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Scrutiny
  
Boast about it, folks!!!
India’s pride of being a ‘young’ nation is just a gas ball of ‘illiteracy’!
11/12/2008

India is young, and we’re more than proud to voice out loud that 570 million people in India are under the age of 25 years; now that’s more than a whopping 50% of our total population by the current estimates! And hey! It just doesn’t get better than this. India is expected to register the world’s largest addition to ‘working age’ class by 2010. What more? India’s labour cost, as a percentage of value added is also one of the lowest amongst all Asian countries (as CIA’s report titled ‘Indian economy & trends’ highlights). Really, at a time when the world is up and against the problem of a greying population, India has an ever-increasing young population. All’s good so far. But here comes the hiccup? The quality factor! Yes, the predicament is that a significant proportion of this young population is uneducated, thus rendering them unemployable.

Currently, India has a workforce of 549 million. Of this, the total rural workforce accounts for 407 million, now that implies that a whopping 74% of our young and seemingly employable youth live in rural areas. What’s worse, close to a thumping 60% have agriculture as their primary source of livelihood. This indirectly implies that we just have a shameful 40% engaged in basic manufacturing or services. Even by the most optimistic of estimates, market reports suggest that a shameful 40% of the current total workforce is illiterate and another 40% have no high-school degree. That basically means that a shameful 20% (109 million) qualify as high-school passouts (and we boasted about India being a ‘young’ & a ‘knowledge’ economy!)... The proof of the problem lies in the fact that rural India, despite being home to 74% of our workforce, contributes just 18% to India’s GDP!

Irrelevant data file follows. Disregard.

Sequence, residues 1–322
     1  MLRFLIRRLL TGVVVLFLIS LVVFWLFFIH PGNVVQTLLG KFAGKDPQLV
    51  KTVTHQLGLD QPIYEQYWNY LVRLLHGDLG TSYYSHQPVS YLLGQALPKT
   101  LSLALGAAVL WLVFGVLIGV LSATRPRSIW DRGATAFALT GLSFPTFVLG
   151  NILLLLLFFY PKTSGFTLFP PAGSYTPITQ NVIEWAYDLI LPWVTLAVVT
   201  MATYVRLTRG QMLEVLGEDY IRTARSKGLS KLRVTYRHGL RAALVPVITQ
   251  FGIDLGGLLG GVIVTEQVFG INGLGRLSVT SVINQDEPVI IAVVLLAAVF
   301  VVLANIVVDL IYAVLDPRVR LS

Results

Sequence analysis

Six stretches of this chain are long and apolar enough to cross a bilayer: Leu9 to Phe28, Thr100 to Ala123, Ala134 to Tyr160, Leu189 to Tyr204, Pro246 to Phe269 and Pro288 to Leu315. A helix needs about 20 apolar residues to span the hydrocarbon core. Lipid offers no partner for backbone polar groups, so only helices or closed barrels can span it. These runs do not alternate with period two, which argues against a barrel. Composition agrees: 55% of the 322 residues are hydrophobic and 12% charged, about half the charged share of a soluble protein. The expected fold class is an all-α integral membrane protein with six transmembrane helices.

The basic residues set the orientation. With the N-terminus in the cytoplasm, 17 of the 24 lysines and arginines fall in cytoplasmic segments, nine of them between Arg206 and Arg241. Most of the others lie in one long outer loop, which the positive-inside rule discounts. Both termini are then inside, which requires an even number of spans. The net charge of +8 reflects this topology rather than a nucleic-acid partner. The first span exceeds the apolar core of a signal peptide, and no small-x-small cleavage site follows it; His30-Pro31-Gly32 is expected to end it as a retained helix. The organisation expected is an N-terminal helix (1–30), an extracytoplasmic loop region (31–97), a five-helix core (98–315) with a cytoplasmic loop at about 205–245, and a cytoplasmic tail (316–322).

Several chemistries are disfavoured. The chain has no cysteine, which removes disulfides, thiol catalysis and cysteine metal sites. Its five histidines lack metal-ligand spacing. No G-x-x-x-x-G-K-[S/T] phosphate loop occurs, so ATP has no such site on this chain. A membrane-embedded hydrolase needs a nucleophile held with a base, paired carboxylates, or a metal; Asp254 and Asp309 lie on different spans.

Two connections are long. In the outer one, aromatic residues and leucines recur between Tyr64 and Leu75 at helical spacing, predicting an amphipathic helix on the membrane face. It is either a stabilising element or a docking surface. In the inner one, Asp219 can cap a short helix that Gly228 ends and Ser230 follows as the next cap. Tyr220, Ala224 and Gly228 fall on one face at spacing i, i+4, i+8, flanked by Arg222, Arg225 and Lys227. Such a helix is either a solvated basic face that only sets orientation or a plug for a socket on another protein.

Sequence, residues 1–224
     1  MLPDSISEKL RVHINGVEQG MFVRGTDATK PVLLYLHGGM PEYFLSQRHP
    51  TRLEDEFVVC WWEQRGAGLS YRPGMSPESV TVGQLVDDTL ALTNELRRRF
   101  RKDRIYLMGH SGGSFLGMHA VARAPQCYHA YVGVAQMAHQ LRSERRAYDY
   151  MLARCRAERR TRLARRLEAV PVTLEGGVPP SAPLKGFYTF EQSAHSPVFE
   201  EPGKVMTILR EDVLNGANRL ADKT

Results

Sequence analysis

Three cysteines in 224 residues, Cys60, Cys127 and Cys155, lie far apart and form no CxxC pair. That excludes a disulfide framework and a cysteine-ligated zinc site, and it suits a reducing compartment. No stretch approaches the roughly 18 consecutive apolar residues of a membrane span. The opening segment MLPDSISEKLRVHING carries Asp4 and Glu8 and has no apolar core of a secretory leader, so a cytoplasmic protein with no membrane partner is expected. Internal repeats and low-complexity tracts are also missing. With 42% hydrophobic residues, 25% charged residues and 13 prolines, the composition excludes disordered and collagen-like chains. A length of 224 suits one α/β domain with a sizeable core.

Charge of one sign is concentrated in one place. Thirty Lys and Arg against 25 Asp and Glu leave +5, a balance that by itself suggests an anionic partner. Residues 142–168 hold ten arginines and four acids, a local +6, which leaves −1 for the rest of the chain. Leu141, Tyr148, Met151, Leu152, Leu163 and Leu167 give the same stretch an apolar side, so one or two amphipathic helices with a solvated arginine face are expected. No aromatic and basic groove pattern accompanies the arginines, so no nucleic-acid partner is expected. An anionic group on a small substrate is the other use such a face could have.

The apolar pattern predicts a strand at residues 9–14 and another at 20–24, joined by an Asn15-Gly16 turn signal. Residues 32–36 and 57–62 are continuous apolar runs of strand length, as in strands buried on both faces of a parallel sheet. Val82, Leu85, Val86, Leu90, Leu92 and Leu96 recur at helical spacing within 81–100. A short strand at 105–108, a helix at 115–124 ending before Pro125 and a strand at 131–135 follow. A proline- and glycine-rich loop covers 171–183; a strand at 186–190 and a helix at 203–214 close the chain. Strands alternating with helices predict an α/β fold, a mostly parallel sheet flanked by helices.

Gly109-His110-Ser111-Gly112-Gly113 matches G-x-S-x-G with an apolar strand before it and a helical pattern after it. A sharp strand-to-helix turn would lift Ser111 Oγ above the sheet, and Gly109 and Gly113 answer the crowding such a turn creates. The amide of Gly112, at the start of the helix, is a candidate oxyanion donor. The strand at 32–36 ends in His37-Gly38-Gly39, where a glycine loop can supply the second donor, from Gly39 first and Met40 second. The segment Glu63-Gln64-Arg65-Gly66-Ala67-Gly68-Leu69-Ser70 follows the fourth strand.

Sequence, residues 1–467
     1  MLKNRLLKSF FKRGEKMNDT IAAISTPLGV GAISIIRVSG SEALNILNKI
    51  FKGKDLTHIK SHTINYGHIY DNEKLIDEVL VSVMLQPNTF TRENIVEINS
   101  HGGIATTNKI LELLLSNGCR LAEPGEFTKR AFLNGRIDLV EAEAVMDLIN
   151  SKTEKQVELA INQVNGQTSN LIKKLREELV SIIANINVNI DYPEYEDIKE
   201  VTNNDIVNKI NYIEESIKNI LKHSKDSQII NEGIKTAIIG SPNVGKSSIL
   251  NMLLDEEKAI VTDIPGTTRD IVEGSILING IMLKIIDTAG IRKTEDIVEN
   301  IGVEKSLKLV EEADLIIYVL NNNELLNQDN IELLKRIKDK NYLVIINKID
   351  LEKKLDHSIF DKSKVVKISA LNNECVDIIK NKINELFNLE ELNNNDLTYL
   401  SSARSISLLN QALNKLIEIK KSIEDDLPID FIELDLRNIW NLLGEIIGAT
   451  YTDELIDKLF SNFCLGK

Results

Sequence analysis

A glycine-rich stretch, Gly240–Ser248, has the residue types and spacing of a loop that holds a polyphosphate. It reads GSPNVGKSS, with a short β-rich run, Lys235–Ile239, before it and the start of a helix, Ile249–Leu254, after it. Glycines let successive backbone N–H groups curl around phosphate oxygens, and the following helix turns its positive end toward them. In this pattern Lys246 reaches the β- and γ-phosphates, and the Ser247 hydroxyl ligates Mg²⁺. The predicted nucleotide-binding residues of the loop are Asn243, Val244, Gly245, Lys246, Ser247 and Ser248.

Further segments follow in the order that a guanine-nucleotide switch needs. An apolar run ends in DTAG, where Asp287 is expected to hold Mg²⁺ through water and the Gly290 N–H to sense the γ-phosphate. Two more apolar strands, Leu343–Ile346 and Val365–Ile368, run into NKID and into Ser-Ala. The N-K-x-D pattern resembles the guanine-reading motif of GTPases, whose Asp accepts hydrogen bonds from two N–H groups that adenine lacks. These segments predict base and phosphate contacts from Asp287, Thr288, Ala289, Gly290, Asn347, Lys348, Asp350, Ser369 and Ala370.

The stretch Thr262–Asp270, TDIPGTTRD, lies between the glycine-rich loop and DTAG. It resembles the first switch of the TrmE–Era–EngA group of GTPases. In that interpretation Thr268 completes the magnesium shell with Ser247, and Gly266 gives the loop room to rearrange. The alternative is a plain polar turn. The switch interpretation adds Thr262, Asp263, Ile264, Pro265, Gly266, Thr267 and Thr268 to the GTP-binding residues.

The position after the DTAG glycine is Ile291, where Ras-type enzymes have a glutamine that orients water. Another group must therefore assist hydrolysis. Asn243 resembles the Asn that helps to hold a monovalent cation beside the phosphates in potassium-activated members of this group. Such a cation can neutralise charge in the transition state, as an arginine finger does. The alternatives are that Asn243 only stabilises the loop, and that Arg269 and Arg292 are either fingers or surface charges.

These simple statistics reveal the deplorable condition of our rural workforce, a story of a hopeless, downcasted Indian future. Today, skill-based training, clubbed with proper awareness about potential markets remain the only panacea. Young, but illiterate – India can’t be proud of it (or is it?!)...

By:- B&E
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